Costa Rica, a gateway to the Caribbean and Pacific underwater worlds

It is near the seaside resorts of the Pacific coast of Costa Rica that some of the most accessible snorkeling in the country is found. The area of ​​Playas del Coco and Playa Hermosa is home to many spots nestled in the rocky coast.

You can snorkel in Playa Ocotal, Bahia Pez Vela Beach Resort, and Playa Bonita. Punta Cacique, the small peninsula that separates Playas del Coco and Playa Hermosa bays, offers one of the best snorkeling locations on the Pacific coast, especially in Calzon de Pobre and Playa Penca.

A few minutes by boat from the coast, the Islas Pelonas, surrounded by coral reefs, is frequently visited by hawksbill turtles and Pacific seahorses. You can reach the islands with a few hours of snorkeling tours from the beaches. A little further north, you can also snorkel on the Papagayo peninsula, for example around Nacascolo and Punta Huevos.

If you like snorkeling off the beaten track, Playa Bassey, north of Santa Rosa National Park, is a good option.

Snorkeling along the Guanacaste coast, Costa Rica
Wild and rocky, Costa Rica’s Pacific coast is full of small beaches suitable for snorkeling.

Around Playa Flamingo, two locations are particularly famous to snorkelers: Playa Conchal (opposite the Westin Reserva Conchal) and Playa Danta (at the foot of the small Las Catalinas resort).

Much further south of the country, you can snorkel in Manuel Antonio National Park, renowned as one of the most beautiful in Central America and the world. In the small bay of the park, bordered by a jungle where sloths, coatis, and raccoons live, you can explore shallow rocky beds with many fish.

Cortez angelfish at Playa Bassey
The Cortez angelfish is a common sight along Costa Rica’s rocky coast (here, an adult photographed at Playa Bassey).

The Pacific coast of Costa Rica offers mineral underwater scapes and a few hard coral reefs. The marine life here is typical of the ecosystems of the East Pacific, and we find much the same species as in the Sea of Cortez and the Galápagos Islands.

You can see colorful fish (including butterflyfish and angelfish), several species of pufferfish and porcupinefish, sea stars, and moray eels. To snorkel on the Pacific coast of Costa Rica, however, you will have to deal with sometimes rough seas (this coast is famous for surfing), the tides, and above all variable underwater visibility, which sometimes is very poor.

Snorkeling at Manuel Antonio National Park, Costa Rica
Manuel Antonio is a gorgeous spot, where many fish (as this school of yellowfin surgeonfish) can easily be spotted

On the Caribbean coast of Costa Rica, there are very few snorkeling locations, all located on a short twenty kilometers-long shore. The main snorkeling sites in the region are the Cahuita coral reef (located in Cahuita National Park, it can only be accessed by boat with a guide), Puerto Viejo rock pools, Punta Uva reef, and Playa Manzanillo.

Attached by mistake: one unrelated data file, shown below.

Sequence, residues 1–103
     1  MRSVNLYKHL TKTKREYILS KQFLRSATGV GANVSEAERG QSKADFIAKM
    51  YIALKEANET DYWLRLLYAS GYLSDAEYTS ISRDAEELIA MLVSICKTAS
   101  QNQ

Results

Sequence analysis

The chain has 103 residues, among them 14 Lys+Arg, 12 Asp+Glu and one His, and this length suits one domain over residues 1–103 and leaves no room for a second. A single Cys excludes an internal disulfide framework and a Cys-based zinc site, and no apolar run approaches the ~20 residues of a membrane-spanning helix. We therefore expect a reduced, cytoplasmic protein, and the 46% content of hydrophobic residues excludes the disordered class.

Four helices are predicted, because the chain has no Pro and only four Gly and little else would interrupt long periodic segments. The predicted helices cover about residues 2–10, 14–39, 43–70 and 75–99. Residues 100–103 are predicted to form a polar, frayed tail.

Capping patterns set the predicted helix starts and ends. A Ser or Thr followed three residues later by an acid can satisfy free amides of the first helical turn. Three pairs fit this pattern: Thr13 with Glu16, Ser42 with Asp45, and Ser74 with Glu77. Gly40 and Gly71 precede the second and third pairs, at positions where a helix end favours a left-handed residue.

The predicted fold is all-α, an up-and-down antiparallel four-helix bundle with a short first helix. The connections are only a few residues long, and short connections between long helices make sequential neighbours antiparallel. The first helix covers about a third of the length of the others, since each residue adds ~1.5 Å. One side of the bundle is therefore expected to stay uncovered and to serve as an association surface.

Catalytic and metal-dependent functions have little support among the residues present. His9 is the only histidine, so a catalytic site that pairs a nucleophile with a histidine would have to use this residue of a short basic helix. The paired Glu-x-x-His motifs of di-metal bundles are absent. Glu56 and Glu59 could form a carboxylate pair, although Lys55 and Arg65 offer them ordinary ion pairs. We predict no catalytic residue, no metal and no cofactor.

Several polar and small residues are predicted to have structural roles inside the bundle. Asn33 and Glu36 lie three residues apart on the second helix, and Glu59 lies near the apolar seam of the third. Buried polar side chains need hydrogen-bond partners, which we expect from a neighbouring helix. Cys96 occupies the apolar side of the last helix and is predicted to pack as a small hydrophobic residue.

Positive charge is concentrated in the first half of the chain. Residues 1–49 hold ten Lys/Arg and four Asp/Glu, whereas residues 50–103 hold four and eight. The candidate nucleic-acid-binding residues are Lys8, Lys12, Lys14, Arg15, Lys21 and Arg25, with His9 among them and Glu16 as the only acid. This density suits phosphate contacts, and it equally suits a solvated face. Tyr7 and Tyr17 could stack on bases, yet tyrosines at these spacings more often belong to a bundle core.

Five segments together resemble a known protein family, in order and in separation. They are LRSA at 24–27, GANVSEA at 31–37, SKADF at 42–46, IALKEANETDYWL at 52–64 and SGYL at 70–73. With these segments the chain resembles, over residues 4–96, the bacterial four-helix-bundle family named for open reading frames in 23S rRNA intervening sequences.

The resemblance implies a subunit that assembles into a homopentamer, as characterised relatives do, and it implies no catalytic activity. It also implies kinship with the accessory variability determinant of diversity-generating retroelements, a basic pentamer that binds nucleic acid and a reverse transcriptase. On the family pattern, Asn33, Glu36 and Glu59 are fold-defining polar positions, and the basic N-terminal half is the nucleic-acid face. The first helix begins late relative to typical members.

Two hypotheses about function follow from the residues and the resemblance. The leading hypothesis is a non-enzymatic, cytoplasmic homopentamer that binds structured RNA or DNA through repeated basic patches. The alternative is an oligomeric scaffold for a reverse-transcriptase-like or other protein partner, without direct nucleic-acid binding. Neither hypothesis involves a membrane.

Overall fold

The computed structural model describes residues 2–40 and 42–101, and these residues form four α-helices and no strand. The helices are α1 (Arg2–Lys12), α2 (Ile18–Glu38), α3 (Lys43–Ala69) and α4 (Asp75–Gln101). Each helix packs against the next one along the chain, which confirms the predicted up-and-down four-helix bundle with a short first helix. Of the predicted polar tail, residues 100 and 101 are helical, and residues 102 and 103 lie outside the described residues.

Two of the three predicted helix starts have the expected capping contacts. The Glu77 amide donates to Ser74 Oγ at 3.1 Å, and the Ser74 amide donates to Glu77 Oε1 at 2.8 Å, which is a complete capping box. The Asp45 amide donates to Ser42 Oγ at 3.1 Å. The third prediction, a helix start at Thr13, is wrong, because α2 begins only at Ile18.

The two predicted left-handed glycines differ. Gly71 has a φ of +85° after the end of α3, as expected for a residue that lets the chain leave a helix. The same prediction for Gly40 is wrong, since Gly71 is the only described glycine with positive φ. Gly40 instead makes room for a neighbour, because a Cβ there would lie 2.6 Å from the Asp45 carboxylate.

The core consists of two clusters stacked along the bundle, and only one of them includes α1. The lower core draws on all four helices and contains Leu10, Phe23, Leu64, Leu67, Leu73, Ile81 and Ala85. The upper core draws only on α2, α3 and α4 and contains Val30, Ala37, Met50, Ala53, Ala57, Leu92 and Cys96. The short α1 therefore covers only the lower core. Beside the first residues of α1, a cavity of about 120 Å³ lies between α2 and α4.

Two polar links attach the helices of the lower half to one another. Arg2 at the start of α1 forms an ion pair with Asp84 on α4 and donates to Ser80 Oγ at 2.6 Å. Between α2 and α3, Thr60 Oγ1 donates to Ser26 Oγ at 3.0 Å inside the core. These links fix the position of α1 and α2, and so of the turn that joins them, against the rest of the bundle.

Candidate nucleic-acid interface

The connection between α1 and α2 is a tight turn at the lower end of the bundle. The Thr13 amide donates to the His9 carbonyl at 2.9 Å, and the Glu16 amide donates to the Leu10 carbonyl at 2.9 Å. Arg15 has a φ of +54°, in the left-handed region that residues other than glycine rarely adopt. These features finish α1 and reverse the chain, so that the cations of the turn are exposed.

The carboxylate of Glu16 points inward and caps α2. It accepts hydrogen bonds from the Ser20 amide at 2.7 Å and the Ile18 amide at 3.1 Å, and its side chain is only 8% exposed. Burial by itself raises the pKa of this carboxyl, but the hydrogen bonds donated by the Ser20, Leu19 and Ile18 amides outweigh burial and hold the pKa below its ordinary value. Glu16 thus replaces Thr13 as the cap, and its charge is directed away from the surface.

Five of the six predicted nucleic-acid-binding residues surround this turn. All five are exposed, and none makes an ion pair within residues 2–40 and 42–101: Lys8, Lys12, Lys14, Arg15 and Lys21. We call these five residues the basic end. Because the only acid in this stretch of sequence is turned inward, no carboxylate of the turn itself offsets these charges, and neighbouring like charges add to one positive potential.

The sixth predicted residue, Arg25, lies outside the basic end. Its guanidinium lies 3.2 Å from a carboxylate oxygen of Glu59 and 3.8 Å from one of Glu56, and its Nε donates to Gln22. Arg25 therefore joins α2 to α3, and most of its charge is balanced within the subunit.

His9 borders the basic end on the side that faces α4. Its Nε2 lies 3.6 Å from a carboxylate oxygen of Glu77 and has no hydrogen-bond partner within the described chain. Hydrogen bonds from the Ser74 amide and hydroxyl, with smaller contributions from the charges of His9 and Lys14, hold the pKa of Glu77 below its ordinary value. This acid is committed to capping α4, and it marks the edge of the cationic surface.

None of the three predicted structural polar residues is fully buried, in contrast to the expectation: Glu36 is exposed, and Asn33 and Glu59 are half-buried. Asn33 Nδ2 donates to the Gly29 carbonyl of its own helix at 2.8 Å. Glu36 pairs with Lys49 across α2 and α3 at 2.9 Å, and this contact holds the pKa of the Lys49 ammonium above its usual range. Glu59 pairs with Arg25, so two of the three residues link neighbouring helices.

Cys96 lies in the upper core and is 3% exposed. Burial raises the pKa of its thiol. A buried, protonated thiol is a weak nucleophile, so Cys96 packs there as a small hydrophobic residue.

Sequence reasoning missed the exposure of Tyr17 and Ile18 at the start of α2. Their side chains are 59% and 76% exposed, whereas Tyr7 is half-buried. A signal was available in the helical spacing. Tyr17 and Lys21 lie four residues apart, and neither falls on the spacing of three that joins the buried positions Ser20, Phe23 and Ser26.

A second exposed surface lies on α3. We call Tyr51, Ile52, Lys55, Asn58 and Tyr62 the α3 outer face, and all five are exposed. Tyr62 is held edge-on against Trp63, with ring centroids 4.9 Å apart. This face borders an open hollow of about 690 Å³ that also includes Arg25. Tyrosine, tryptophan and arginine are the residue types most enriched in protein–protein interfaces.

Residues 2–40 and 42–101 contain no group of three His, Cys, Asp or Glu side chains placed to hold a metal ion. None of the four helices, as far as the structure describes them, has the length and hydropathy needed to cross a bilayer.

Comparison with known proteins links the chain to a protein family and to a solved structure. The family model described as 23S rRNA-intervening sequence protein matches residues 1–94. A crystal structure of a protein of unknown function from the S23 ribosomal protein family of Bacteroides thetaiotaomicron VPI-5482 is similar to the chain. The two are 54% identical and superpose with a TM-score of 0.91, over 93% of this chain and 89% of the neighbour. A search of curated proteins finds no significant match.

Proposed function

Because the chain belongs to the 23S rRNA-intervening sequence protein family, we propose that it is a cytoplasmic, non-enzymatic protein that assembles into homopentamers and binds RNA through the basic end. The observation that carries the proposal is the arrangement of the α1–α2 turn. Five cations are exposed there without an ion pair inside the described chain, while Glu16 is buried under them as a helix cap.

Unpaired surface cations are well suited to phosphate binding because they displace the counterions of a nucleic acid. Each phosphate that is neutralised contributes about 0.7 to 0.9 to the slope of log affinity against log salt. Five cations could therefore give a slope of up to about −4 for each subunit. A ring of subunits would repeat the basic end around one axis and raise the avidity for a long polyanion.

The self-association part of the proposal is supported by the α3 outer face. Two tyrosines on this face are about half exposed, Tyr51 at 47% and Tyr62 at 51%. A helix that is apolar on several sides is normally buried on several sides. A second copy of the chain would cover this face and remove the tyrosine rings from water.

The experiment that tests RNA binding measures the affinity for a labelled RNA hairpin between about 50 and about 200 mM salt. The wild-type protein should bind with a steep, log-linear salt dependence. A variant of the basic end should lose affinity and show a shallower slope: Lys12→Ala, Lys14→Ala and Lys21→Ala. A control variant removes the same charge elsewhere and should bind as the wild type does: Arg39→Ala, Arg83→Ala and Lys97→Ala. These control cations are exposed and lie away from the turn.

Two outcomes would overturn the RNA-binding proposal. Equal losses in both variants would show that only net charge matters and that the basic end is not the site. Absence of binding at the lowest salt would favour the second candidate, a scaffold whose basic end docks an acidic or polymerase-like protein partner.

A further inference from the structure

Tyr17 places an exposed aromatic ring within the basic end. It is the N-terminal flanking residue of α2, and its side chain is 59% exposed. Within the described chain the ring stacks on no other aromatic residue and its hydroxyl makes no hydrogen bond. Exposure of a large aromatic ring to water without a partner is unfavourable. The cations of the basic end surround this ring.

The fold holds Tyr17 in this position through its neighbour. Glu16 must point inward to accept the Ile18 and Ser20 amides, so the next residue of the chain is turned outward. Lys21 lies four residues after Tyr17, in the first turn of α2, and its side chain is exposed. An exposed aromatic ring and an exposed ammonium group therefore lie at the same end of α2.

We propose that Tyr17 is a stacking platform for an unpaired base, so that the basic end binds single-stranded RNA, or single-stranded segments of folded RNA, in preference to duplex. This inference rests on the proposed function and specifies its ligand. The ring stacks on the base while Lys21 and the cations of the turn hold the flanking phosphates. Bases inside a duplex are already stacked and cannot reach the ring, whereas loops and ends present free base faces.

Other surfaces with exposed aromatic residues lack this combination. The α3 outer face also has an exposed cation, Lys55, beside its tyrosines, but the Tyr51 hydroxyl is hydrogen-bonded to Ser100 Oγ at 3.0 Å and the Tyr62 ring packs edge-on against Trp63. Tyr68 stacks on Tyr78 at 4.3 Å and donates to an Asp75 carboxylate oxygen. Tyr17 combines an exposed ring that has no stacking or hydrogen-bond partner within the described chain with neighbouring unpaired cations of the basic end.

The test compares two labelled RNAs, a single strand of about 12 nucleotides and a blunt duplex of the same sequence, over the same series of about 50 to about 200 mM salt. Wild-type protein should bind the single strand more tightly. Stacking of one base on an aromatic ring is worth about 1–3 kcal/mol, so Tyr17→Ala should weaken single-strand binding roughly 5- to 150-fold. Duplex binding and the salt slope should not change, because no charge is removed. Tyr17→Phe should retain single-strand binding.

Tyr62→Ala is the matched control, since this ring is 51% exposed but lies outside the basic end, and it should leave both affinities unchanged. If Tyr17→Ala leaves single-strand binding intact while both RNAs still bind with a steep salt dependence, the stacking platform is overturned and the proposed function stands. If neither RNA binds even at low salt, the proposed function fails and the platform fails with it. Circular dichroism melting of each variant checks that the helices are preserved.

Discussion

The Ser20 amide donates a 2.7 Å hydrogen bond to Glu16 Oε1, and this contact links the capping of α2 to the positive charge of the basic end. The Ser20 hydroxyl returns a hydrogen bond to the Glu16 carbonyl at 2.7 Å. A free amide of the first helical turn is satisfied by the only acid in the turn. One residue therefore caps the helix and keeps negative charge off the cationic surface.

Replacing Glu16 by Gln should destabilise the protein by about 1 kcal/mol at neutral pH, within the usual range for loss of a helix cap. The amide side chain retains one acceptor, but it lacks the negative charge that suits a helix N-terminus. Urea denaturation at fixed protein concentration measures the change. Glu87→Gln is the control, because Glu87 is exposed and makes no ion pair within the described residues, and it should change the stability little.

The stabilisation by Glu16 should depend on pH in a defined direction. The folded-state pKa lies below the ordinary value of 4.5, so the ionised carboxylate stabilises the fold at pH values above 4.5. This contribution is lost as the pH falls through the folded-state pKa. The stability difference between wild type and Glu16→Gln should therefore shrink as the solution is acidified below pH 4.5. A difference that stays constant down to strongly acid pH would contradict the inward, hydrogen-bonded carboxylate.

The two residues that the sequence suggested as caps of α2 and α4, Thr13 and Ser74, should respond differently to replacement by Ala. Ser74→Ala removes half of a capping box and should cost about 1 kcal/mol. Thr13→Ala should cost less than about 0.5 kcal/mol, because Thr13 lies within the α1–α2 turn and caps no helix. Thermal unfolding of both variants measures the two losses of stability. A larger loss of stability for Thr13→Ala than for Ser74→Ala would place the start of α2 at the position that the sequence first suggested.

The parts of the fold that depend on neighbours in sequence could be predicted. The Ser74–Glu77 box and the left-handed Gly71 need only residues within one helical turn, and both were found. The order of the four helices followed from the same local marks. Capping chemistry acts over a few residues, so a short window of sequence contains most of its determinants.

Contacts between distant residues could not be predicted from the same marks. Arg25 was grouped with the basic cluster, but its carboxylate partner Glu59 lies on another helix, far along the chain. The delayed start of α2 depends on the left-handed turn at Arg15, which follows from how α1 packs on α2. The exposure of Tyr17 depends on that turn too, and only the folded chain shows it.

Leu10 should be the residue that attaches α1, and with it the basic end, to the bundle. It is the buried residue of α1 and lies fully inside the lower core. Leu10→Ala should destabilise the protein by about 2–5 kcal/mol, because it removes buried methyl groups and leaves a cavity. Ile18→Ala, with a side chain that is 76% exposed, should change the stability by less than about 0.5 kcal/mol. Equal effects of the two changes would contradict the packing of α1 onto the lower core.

Here too, underwater visibility and rough seas are often a problem. The east coast of Costa Rica has typical Caribbean reefs, where about 120 species of fish and 40 species of crustaceans can be seen at snorkeling depth. Stingrays and nurse sharks are also frequently encountered at the reef (especially in Cahuita).

Isla del Coco, located about 550 kilometers from the mainland) is undoubtedly a must for snorkeling in Costa Rica. Protected by a National Park and listed as a UNESCO World Heritage Site since 1997, this small island renowned for its shark populations is a marine biodiversity sanctuary. It can only be visited (and snorkeled) during multi-day cruises.

Leather bass in Playa Danta
Juvenile leather bass is one of Eastern Pacific’s most beautiful fish (photographed in Playa Danta).

The tropical climate and extensive rainforests of Costa Rica (which pours out a lot of sediments in both oceans) may cause a very poor underwater visibility, that can last for weeks.

When to go snorkeling Costa Rica?

The climate in Costa Rica is tropical, and marked by two distinct seasons: the dry season, from the end of December to mid-April, and the rainy season (known as the “green” season) from May to mid-December, with lower rainfall from July to September.

But the climate is unusual for the Caribbean coast in that it rains almost continuously all the year-round.

To maximize your chances of good visibility, choose the dry season (from the end of December to mid-April) on the Pacific coast and September and October on the Caribbean coast.

On the Pacific coast, the maximum temperatures are around 90°F/32°C all through the year, compared with about 86°F/30°C (but with much greater humidity) on the Caribbean coast.

The water temperature never falls below 73°F/23°C (but you should take a rash guard with you, especially on the Pacific coast), and gets up to around 86°F/30°C during the warmest months.

Best months on Costa Rica's Pacific coast
JANUARY
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Warm and humid
Warm and sunny

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